When suitors are baffled by Miss Fiona’s scientific turn of mind, her mother tearfully predicts that her daughter will be doomed to spinsterhood—until Lord Henry comes along. Nicknamed “the Mad Scientist,” Henry appreciates Fiona’s mind as well as her face. Fiona thinks she’s found the perfect husband in Henry until notorious Lord Beaumont crashes through her neatly laid plans.
Lord Albert Beaumont (Beau) is the George Clooney of his era in that his charisma and disinclination to marry make him prime gossip material. At the beginning of the story, he breaks with his latest mistress, Daphne Tarkington, whose beauty is far outweighed by her nasty personality. Beau’s weary cynicism about the breakup makes his valet think that hes ready to turn away from courtesans and settle down, but Beau disagrees. Even though his dying father wishes him to be married, he cant stomach the idea of wooing a naive and awestruck debutante. But he promises his father that hell try to find a suitable bride, agreeing to attend an insipid garden party for the express purpose of looking for one.
Fiona Fairmont, a reluctant debutante if ever there was one, is more interested in herbal remedies and reading than she is in finding a husband. Eccentricities notwithstanding, her beauty has won her two marriage proposals, both of which she has turned down. After the second refusal, Fionas mother whisks her off to the country to meet a rich and science-minded recluse, Lord Henry Featherstone. She hopes that his love of academia will intrigue her unusual daughter, and the plan appears to be working … until Beau meets Fiona at the garden party.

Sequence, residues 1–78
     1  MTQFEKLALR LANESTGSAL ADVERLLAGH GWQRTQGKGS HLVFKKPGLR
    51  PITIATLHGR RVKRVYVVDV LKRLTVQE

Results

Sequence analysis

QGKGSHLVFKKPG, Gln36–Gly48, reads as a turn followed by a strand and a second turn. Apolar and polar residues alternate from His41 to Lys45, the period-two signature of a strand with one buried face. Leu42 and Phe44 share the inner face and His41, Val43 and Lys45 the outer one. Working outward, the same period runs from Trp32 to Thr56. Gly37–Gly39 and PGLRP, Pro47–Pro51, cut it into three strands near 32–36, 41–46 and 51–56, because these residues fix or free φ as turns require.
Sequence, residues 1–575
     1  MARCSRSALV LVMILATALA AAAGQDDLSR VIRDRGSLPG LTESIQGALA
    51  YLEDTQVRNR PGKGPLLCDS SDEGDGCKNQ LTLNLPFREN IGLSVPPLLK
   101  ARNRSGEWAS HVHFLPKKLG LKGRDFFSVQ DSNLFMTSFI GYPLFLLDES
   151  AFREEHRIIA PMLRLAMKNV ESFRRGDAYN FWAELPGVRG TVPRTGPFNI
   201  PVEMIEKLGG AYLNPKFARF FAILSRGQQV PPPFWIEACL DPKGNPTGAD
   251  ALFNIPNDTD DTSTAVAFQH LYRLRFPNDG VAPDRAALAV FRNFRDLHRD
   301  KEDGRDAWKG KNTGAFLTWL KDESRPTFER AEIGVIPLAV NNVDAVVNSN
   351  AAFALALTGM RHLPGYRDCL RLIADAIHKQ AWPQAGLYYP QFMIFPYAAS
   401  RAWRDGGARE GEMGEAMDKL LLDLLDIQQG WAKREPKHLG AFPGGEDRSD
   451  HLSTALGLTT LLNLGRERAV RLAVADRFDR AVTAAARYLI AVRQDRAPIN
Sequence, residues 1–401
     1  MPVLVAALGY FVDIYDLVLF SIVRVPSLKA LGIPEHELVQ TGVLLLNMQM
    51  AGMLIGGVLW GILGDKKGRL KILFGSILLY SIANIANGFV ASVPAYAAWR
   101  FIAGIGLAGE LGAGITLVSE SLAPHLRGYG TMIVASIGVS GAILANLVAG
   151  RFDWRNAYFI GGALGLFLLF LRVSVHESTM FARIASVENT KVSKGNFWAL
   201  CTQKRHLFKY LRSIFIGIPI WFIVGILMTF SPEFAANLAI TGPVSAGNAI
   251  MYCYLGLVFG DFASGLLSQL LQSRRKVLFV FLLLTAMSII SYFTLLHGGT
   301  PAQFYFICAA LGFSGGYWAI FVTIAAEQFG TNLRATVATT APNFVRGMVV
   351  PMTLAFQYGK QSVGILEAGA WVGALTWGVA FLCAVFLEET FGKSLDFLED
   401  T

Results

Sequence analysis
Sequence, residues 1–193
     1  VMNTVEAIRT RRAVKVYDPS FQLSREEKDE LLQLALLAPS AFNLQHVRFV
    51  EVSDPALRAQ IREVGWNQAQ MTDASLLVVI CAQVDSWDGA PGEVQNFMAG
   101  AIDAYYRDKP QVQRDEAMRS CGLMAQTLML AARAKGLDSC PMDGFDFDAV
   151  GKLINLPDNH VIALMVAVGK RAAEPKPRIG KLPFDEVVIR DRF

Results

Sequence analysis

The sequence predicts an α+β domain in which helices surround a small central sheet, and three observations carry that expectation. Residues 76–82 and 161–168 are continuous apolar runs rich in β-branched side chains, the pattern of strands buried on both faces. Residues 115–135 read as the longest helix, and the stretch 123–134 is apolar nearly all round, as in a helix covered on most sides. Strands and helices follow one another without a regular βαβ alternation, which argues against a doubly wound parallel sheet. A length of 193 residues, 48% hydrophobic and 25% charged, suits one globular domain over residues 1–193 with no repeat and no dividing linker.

But is he too late? Fiona is already fully enmeshed in Henrys world of homeopathy, assisting him in his laboratory, her respect for him growing every day. The attraction she feels for Beau isn’t worthy of notice, especially since, according to the gossip papers, he can have his pick of any woman in England. Besides, she’s certain that Beau’s marked attention toward her is his way of alleviating the tedium of country life. Flirting is his passion as much as homeopathy is Henry’s passion. Once he returns to London, he’ll forget her completely.
With a heart that isn’t in full agreement with her decision, she accepts a proposal from Henry, certain that she’s taking the only sensible path.
Beau almost gives up, but when Daphne Tarkington’s vengeful mind causes him to be badly injured, Fiona finally realizes that love trumps logic.
Their story doesn’t stop there. Daphne Tarkington’s evil interference almost ruins their newfound bliss. Read their story in Love Trumps Logic to find out how they triumph in the end.
Fiona visibly started, and put a hand up to calm her racing heart. She recognized the voice immediately, of course. Beau’s rich baritone could not easily be mistaken for another’s, and besides, she had heard it so recently in her dream, saying words of love that had pulled her away from Henry forever. Silliness! she scolded herself, taking a steadying breath.
“You startled me,” she said, turning toward the stable door. “Are you an early riser by habit?”
“No,” he answered, leaning a shoulder against the stable doorway. Merlin peeked over his shoulder, saddled and snorting impatiently at the delay. “But when I’ve had trouble sleeping, a ride usually helps to clear the cobwebs.”